However, Paul Lane, an independent MHA who was removed from the Liberal caucus after making public his intent to vote against the budget, said that dissatisfaction remains very high.
"I believe that there's still the same amount of anger and frustration out there in the public. I think that the people have been and will continue to be constantly reminded of the impacts of the budget," Lane said in a phone interview on Tuesday, highlighting the impact of increased gas, insurance, and sales taxes, as well as park admissions and vehicle renewals....
Newfoundland and Labrador: Still rising
Seldom has a provincial austerity budget been as decisively rejected as happened this spring in Newfoundland and Labrador.
Angry citizens took to the street in record numbers, filled townhalls across the province, wrote letters, called in to radio shows, and in true Newfoundland fashion made fun of a hapless Premier Dwight Ball. The anti-budget coalition was broad and diverse, and the protesters were very determined.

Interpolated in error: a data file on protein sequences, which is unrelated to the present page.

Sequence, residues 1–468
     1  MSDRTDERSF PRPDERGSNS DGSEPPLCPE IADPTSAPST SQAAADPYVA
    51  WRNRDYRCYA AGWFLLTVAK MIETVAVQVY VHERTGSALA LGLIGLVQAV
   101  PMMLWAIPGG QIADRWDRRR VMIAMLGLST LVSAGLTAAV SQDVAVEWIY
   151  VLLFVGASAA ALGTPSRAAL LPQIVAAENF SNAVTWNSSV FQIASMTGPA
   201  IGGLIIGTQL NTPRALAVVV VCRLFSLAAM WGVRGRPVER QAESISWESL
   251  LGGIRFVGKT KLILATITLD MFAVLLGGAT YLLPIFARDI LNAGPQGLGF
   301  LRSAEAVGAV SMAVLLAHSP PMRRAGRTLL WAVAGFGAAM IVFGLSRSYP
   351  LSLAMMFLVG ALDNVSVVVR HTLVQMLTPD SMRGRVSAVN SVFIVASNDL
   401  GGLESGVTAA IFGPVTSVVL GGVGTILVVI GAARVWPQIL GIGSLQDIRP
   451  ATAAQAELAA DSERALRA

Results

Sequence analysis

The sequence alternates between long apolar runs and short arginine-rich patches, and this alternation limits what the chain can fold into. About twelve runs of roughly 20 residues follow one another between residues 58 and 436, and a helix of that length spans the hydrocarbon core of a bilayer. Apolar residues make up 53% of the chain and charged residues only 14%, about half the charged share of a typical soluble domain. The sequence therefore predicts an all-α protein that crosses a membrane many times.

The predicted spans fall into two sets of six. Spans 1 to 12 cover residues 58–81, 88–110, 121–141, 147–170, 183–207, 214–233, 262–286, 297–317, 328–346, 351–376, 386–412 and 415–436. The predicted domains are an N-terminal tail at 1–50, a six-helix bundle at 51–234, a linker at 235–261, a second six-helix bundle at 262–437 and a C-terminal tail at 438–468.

But that all happened in the spring. Did the protests run out of steam over the summer, or did people simply take a breather?
This is not going away
Jerry Earle, president of the Newfoundland and Labrador Association of Public and Private Employees (NAPE), is certain protesters will be back this fall.
“This is not going away,” Earle says. “Normally you anticipate that when bad decisions are made by government you may get a protest or two and then things quiet down. But the protests are being sustained over a long time, which speaks to the high levels of frustration among the population.”
“What was surprising was that even into July there were still protest on healthcare changes. You anticipate that when there are rallies in the summer not a whole lot of people will show up, but I traveled to (the town of) Botwood expecting 20 to 30 people at best, and in excess of 200 people actually came out,” Earle says.
Protests were spontaneous and organized by many different groups and individuals. Yet the Common Front NL, a coalition of unions, faith groups, social justice activists and students, helped maintain momentum and focus....
Great news, thanks!